The Saint as a Student
There are several different accounts of the education of Sankaradeva, ranging from accounts of an industrious scholar to those of a spontaneous genius. Sankaradeva pursued a method of comparative study of the scriptures. According to Bhusana Dvija, he fastened two lamps (bāti) at the sides of his bed and placed trays (thagi) holding books beneath them making it possible for him to read two books simultaneously at night.
Daityāri Thākur describes a whole-hearted concentration on learning, telling us that Sankaradeva studied all the sāstras, doing nothing else but speak of them. Despite this dedication, we are told, one day,preferring a change of pace, he 'bribed' his teacher to be released from school for the day:
ekadina umalibe mane icchā kari,
ektuka bastra eka takā hāte dhari;
āra kari niyā tāna guruka dilanta,
anumati laiyā umalibāka gailanta.
One day he felt like playing. Taking a piece of cloth and a silver coin in his hand he gave them to his teacher and getting permission [to leave], went out to play.
The teacher said to Sankara's grandmother:
O mother, hear my reply. Sankaradeva's power is immense. Having a mind to play, the noblest of my pupils, Sankaradeva has left for play by bribing me with two rupees and a pair of cloths.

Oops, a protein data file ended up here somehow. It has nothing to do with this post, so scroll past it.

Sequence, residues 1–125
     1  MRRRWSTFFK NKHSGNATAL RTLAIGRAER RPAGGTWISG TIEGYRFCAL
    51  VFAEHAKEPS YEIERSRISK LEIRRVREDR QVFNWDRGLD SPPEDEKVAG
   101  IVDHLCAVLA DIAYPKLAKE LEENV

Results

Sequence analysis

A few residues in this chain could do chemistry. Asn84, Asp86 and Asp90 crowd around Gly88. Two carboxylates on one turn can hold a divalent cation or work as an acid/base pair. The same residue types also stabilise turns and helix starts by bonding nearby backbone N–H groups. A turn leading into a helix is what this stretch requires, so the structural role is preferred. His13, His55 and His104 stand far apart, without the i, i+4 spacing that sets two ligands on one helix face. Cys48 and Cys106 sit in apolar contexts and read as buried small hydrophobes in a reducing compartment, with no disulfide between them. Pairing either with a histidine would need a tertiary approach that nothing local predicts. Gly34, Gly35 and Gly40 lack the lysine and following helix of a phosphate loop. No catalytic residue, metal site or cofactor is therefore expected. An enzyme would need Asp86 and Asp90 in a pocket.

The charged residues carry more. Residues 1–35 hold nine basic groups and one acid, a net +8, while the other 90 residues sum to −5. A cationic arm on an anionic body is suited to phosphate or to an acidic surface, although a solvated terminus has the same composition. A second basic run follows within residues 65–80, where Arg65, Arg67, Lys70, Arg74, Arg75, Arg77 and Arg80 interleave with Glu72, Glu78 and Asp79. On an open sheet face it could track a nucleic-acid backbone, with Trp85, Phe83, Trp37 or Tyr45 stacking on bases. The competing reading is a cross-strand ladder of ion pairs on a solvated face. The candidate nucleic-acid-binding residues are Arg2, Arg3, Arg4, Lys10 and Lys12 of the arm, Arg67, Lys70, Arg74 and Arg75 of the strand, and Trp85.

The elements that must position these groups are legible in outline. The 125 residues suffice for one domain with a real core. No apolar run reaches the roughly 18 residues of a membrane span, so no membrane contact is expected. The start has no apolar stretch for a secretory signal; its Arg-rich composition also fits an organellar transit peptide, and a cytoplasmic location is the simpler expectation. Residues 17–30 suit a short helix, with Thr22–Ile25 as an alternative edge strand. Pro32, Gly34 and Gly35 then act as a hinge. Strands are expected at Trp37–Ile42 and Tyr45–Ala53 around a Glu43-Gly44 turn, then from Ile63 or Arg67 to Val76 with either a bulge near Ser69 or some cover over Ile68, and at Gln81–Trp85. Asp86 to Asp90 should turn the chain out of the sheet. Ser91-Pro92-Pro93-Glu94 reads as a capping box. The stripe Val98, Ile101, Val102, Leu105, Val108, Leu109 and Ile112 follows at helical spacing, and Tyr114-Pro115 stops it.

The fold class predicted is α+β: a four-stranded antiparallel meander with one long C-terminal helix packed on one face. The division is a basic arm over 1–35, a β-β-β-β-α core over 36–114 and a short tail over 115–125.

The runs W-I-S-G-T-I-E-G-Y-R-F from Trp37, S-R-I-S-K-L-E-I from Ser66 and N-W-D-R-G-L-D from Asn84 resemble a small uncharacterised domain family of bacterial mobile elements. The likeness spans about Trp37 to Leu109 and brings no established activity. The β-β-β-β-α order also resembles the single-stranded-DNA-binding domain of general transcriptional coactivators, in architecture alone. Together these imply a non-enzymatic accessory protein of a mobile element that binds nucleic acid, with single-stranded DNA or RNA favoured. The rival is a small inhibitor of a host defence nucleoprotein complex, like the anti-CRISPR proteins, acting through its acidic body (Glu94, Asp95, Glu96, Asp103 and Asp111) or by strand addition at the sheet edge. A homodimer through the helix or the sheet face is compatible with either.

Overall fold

So saying he returned them to the old woman, who heartily laughed and did not take them back. Thus he was brought to bay and played a truant no more. Sankaradeva became more earnest in his studies than ever.
The Master's first masterpiece
According to still another biographer, Sankaradeva was placed together at school with much older students who were asked to compose a poem. He followed suit even though he had only learned the first vowel of the alphabet; the result was his first lyric, karatala kamala kamala dala nayana. Later, while still in school, he wrote his first narrative poem, the Harischandra Upākhyāna.